Project underway to keep CQ fish habitats swimming
A THREE-year project by the Fitzroy Basin Association will aim to restore and safeguard the health of Central Queensland’s fish habitats.
The “Protecting and enhancing high-value fish habitats across Central Queensland’s coast” project has two goals: to spread seagrass near North Keppel Island and Gladstone Harbour and to educate the public on the origins of marine debris.
FBA environment leader Shannon von Nunen said that a single hectare of seagrass supported 55,000 more fish compared to a barren seabed.
“We’re looking to engage the community through our partnership with CQUniversity to train them in how to identify the sea pods of seagrass when they float to the surface,” he said.
“CQUniversity will assist in the propagation of those seeds, deploying them back in the Gladstone Harbour and The Keppels.”
He said that aside from being a productive ecosystem, seagrass was also the diet of Central Queensland’s marine animals, such as turtles and dugong, and many of which, once grown, are sought after by recreational and commercial fishermen.
The habitat is at risk, Mr van Nunen said, from sediment run-off, dredging, and certain boating activity.
“It’s really important that we get into this space and that we monitor the decline over time and what’s going on,” he said.
The project also involves researching where the debris that ends up in the habitats comes from.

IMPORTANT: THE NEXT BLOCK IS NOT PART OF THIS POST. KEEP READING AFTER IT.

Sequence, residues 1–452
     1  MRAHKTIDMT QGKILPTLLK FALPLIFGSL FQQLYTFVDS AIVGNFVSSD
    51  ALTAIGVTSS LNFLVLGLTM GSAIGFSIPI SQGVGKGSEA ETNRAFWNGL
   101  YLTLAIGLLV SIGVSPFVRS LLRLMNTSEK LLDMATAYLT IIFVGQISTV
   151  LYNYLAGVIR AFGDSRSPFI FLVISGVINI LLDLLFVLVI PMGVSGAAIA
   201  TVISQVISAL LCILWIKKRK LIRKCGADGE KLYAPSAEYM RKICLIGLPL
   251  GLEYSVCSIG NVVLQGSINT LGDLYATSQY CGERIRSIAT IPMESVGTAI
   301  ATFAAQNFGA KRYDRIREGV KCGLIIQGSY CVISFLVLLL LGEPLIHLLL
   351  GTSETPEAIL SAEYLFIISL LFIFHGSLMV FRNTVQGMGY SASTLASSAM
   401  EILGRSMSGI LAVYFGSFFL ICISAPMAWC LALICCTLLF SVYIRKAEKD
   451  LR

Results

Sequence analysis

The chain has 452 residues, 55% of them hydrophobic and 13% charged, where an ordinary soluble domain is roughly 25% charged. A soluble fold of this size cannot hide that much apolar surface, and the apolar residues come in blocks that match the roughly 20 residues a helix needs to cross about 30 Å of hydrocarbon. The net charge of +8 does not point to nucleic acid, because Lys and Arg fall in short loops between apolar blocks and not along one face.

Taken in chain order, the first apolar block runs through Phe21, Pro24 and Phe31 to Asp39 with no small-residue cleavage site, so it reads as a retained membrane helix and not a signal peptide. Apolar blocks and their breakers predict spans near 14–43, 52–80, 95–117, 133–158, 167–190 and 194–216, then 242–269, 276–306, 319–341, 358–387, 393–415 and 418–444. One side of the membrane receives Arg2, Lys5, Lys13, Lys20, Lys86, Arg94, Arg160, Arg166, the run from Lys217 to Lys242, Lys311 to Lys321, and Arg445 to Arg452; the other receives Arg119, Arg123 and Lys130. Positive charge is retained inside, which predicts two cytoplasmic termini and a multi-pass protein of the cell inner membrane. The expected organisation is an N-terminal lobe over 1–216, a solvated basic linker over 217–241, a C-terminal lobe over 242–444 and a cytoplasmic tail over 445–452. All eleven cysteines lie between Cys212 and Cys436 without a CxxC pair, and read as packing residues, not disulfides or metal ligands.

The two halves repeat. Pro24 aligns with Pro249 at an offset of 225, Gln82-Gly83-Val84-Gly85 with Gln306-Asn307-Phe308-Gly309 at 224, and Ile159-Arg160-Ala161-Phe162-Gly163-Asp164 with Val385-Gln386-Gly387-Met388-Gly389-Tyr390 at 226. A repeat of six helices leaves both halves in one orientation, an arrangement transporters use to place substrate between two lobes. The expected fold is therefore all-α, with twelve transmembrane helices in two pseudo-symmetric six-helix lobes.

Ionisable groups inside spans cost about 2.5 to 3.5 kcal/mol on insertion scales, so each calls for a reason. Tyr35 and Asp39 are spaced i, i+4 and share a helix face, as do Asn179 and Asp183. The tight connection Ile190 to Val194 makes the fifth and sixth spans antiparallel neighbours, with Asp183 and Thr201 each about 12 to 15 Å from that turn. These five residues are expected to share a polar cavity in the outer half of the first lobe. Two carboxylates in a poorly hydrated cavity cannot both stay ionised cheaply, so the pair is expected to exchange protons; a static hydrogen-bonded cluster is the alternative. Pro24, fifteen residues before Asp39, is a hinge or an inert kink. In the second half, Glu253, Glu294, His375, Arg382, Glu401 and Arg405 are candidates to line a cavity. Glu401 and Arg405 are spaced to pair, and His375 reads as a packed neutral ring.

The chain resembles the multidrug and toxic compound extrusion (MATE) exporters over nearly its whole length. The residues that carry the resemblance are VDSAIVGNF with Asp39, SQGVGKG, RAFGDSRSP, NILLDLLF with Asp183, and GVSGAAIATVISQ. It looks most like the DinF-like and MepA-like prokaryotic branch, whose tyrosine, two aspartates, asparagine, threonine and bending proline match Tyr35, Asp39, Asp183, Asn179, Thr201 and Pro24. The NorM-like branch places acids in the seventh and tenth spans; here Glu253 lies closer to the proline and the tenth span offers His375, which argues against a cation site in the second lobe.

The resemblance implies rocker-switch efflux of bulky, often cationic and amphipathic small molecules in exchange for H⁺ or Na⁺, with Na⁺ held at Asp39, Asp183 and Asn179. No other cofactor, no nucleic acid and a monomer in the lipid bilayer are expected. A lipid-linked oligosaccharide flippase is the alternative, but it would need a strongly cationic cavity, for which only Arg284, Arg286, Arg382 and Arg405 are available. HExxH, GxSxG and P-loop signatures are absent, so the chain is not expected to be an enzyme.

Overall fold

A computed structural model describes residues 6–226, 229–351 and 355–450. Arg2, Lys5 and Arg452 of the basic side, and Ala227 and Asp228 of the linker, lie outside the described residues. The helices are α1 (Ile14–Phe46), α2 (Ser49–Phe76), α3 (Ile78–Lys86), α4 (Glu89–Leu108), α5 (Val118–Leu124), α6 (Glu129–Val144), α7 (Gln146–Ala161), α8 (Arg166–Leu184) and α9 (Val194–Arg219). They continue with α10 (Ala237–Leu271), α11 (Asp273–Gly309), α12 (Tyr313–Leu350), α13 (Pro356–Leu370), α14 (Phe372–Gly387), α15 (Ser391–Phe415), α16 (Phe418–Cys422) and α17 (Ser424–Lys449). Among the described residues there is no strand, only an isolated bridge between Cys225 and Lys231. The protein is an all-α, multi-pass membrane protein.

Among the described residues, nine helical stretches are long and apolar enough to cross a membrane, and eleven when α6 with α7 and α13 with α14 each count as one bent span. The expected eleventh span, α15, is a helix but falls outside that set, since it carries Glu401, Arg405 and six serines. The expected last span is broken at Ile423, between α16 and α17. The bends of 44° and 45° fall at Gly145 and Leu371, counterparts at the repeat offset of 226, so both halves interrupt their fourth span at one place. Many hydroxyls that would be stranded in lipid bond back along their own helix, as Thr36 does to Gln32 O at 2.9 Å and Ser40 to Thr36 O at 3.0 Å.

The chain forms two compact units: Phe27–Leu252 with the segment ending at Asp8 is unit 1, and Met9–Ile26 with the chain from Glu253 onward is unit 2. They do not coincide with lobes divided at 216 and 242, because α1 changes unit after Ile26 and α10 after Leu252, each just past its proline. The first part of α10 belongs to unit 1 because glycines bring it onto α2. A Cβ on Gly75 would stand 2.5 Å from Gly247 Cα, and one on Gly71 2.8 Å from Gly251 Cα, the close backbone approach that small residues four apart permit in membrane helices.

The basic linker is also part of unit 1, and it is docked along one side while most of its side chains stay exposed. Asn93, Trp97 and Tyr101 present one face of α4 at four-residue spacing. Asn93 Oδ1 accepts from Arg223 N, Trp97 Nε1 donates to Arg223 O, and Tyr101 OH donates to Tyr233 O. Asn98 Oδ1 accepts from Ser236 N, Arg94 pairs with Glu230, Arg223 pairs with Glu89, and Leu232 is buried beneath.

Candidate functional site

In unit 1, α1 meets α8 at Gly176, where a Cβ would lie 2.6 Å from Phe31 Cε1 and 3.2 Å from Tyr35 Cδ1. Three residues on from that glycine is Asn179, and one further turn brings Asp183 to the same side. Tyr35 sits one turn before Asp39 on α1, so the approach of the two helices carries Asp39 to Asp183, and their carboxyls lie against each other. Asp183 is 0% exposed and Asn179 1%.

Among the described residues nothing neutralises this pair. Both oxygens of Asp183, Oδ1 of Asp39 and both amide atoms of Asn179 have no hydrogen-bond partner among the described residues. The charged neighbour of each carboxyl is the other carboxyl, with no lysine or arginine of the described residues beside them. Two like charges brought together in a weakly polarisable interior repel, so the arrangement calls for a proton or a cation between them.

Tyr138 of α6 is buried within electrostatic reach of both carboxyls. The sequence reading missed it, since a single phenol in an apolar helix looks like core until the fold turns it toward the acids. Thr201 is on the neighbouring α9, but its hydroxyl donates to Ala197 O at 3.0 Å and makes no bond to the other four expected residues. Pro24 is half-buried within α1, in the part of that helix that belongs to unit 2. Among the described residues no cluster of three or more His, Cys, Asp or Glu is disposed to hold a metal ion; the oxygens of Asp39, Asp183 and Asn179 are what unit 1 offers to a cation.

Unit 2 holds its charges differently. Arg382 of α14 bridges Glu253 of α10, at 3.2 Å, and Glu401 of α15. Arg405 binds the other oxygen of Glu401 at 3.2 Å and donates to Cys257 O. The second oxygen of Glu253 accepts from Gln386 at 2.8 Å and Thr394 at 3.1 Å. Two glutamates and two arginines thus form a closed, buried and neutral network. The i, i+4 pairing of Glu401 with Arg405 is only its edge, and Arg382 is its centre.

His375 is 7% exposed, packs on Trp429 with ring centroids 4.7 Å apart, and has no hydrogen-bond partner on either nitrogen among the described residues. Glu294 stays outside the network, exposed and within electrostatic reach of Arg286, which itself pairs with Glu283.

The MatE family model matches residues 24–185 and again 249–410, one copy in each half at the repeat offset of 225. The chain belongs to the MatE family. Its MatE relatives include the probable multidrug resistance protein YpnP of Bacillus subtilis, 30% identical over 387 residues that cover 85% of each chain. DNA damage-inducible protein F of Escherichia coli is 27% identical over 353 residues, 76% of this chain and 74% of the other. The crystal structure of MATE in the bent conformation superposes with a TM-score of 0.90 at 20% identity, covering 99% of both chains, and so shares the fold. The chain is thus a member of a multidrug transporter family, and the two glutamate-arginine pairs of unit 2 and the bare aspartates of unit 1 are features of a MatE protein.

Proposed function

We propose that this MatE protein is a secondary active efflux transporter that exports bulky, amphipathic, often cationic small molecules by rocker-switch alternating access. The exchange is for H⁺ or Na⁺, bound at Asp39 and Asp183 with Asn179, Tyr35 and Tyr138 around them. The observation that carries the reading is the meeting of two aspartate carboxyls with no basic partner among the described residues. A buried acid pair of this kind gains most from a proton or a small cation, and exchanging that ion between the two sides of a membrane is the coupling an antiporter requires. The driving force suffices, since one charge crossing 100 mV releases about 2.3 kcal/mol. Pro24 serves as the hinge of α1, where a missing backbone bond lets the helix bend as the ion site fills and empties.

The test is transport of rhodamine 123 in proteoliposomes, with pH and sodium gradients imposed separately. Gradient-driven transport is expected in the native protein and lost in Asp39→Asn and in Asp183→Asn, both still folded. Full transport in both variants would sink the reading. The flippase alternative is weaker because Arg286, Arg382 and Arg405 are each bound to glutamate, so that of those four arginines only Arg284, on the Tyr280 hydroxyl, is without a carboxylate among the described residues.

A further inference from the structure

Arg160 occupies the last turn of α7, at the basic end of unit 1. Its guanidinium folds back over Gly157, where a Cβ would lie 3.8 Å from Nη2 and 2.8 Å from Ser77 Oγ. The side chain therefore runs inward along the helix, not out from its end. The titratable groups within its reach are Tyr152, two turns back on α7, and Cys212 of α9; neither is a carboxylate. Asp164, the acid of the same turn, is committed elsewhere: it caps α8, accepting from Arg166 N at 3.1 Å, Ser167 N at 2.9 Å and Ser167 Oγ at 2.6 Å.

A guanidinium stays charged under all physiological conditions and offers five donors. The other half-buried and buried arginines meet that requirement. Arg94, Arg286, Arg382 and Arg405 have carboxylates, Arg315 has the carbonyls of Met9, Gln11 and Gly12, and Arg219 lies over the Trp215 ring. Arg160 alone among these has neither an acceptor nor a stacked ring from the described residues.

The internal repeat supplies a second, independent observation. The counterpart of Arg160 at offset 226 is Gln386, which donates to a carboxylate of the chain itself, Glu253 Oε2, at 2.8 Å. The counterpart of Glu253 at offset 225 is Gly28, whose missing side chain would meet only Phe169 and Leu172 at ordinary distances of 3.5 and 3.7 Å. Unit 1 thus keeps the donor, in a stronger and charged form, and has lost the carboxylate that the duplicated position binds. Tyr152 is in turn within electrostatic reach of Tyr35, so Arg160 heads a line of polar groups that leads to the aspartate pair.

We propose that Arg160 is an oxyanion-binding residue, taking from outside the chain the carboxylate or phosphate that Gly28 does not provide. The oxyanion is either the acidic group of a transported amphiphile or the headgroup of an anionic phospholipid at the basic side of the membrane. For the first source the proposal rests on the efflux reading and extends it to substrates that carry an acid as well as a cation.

Mr van Nunen said that that knowledge would allow residents to advocate changes in their own area.
“It’s not just good enough to really remove marine debris, it’s also important to understand where it’s coming from,” he said.
“We use a well-documented method to analyse where out local plastics are coming from and try to empower our local community to then go to those sources and try to drive some form of change.
“It’s much better to be informed and empowered and to act on the source of the issue than to play the blame game and point fingers.
“We’re all part of it; we all have a role to play.”
The FBA’s task will be helped along by $295,998 from the Federal Government, and Mr van Nunen estimated the organisation would receive about $430,000 in kind from the CQUniversity and other groups volunteering to lend a hand.
Once the research is complete, the results will be made available upon request.
The project will end in June 2023.